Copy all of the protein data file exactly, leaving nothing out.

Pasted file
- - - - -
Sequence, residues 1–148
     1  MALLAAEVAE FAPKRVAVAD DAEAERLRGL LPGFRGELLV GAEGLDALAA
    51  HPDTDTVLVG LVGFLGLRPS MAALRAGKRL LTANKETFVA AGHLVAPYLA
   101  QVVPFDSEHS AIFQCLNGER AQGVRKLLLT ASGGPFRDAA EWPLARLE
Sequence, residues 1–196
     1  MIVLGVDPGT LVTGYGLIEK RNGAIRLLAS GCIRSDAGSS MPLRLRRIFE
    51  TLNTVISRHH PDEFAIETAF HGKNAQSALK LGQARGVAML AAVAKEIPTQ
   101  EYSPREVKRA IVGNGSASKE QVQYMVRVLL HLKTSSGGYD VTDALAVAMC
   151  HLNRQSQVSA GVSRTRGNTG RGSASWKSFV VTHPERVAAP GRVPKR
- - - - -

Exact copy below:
Sequence, residues 1–148
     1  MALLAAEVAE FAPKRVAVAD DAEAERLRGL LPGFRGELLV GAEGLDALAA
    51  HPDTDTVLVG LVGFLGLRPS MAALRAGKRL LTANKETFVA AGHLVAPYLA
   101  QVVPFDSEHS AIFQCLNGER AQGVRKLLLT ASGGPFRDAA EWPLARLE
Sequence, residues 1–196
     1  MIVLGVDPGT LVTGYGLIEK RNGAIRLLAS GCIRSDAGSS MPLRLRRIFE
    51  TLNTVISRHH PDEFAIETAF HGKNAQSALK LGQARGVAML AAVAKEIPTQ
   101  EYSPREVKRA IVGNGSASKE QVQYMVRVLL HLKTSSGGYD VTDALAVAMC
   151  HLNRQSQVSA GVSRTRGNTG RGSASWKSFV VTHPERVAAP GRVPKR